A credit card is a small piece of plastic paper that fits exactly into your wallet and is an integral part of every man’s life (these days) my dad never knew what a credit card is or what it does when he was working for more than 25 years and earning for his family whereas I got my first credit card barely weeks into my first job. I dint know much about what a credit card is when I got it but I sure did learn about it the hard way. I have been wanting to write about credit cards and the way people use or rather misuse it and cause financial chaos to themselves for quite sometime. I guess its time to put my thought into action. Ok, let’s get started.
What is a Credit Card?
A Credit Card is an agreement between a lender (usually a bank or a financial institution) and a customer (you & me) wherein the lender issues you a card which has a specified limit upto which you can spend using the card. The lender will generate monthly bill statements and you pay him what you used the card for. It’s pretty straight forward.
Note: Credit Cards are a form of Revolving Credit which is used in Business/Industrial terms.
How does it work?
Let us explain with a simple example. Mr. X gets a credit card from ABCD Bank with a limit of Rs. 50,000/- (It means he can spend up to Rs. 50,000 using his card) In the joy of getting his card he takes his family out shopping. They get a new TV for Rs. 25,000/- and enjoy a nice family dinner at a restaurant for Rs. 2500/- and is back home. The next month ABCD Bank generates his bill statement which has the following information.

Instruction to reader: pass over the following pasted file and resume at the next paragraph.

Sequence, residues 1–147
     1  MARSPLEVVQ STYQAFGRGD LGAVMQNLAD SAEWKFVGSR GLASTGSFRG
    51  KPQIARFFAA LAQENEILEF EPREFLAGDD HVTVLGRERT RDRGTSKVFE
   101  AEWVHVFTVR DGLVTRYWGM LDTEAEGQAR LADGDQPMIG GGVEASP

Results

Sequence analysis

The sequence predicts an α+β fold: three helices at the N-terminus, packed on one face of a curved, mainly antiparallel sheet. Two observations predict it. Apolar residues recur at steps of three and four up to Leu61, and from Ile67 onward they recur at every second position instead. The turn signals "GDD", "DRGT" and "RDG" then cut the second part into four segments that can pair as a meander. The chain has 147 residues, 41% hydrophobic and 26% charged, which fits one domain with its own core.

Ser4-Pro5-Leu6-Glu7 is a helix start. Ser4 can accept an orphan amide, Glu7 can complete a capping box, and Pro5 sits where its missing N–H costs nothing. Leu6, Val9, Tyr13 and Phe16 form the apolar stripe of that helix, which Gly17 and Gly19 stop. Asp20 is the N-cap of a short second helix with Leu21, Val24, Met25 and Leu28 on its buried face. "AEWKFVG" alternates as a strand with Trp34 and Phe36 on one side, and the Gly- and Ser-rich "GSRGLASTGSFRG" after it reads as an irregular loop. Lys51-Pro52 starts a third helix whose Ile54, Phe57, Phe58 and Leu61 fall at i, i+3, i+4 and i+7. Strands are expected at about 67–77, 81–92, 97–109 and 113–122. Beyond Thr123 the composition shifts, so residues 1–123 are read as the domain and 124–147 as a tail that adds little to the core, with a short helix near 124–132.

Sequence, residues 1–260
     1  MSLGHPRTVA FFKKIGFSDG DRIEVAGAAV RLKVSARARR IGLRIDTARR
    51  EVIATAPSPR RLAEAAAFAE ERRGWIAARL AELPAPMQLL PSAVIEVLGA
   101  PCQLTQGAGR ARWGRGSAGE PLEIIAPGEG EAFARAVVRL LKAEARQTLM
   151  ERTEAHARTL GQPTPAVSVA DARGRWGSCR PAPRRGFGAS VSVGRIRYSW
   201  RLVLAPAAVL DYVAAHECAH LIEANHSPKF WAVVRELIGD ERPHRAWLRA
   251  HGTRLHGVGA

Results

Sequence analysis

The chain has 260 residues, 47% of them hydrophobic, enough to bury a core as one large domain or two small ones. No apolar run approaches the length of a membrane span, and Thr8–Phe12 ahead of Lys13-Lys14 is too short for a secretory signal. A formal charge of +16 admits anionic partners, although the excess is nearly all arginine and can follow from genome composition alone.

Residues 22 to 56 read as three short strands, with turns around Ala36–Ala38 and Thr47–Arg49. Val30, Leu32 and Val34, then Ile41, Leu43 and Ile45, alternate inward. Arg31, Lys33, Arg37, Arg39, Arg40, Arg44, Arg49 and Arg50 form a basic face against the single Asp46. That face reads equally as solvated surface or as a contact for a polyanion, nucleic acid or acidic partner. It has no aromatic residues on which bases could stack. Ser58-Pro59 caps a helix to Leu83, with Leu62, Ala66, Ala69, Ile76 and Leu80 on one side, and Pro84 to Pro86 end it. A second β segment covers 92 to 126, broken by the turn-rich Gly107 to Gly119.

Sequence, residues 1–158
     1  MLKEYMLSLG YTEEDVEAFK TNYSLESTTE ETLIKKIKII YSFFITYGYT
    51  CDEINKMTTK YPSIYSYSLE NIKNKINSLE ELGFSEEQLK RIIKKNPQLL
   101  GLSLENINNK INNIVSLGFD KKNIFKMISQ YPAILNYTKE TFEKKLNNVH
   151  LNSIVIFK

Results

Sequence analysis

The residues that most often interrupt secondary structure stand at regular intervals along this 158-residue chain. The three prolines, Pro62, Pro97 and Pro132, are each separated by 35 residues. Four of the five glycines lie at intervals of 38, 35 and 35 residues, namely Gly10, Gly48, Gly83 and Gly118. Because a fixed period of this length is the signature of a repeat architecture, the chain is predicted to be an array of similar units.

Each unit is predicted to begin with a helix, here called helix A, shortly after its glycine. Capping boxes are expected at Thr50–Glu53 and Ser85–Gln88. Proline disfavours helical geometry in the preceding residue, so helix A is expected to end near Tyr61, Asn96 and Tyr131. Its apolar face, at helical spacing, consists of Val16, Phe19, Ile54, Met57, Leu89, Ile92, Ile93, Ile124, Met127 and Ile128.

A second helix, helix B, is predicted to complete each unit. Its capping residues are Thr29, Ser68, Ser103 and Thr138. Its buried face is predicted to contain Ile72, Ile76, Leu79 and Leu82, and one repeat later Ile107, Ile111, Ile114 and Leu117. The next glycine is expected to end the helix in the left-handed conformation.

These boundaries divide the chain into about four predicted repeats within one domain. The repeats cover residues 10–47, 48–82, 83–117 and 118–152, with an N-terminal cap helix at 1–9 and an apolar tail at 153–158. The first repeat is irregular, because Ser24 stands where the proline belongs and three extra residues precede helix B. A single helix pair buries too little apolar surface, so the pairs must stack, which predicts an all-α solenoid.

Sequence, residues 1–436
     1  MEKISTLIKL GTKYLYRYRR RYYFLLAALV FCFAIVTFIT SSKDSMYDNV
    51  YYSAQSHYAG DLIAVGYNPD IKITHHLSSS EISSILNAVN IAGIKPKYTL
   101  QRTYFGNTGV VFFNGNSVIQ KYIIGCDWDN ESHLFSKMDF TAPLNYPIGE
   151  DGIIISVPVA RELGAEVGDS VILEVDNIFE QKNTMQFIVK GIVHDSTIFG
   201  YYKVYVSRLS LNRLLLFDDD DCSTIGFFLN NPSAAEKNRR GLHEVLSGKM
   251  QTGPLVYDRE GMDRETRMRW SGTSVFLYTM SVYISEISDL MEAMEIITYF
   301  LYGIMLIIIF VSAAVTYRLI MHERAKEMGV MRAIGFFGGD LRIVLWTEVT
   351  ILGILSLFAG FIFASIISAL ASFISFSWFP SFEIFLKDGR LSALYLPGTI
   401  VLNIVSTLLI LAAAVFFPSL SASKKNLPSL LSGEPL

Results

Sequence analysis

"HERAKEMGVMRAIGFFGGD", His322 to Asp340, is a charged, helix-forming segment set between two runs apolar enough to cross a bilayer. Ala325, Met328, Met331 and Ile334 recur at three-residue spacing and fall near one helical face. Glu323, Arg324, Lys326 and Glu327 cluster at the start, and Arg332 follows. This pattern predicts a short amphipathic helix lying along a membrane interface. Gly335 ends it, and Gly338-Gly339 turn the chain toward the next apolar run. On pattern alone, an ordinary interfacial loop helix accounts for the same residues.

Statement Period – The dates for which the statement is generated. Ex: 01-July-2010 to 31-July-2010
Statement Date – The date on which the statement is generated. Ex: 01-Aug-2010
Due Date – The date before which we must make the payment to the bank. Ex: 08-Aug-2010
Total Amount Due – The total amount you owe the bank. Here it is Rs. 27500/-
Minimum Amount Due – This is the minimum amount you need to pay the bank to avoid your card being blocked. Usually it is Rs.500/- or an equivalent amount based on the bank.
Now Mr. X sends a cheque for Rs. 27500/- on 4th August 2010 and there ends the matter.
How can Credit Card Company’s afford this?
You must be thinking by now, if it were as simple as I had explained in the first few paragraph’s people wouldn’t be burdened so much with their credit card debts. The second most important thing running in your mind is, why are banks running around in all cities selling credit cards like pastries? Why are there people standing outside every single company in India selling their bank’s credit cards? How do banks make money out of this?
Am I right? – I believe yes… read on for the answer.
Income for the Bank through Credit Cards is multifold.
1. Annual Membership Fees – most cards these days are free for life but certain high privilege cards like Platinum or Titanium cards come with an annual fee.
2. Merchant/Seller Commission – Every time you swipe your card at a store for Rs. 100/- the bank will credit only Rs. 98/- into the merchants account. They will keep Rs. 2/- as convenience fee which the merchant has to bear in order to have a credit card reading POS machine on his billing counter
3. Finance Charges paid by customers.
The third point needs to be looked in a bit more detail. Let us take the example of Mr.X and his shopping spree.
Mr. X received his bill that states minimum amount due as Rs. 500/- and total amount due as Rs. 27500/-. Let us say, due to cash shortage Mr. X opts to pay only Rs. 500/- he has successfully entered the credit card debt trap.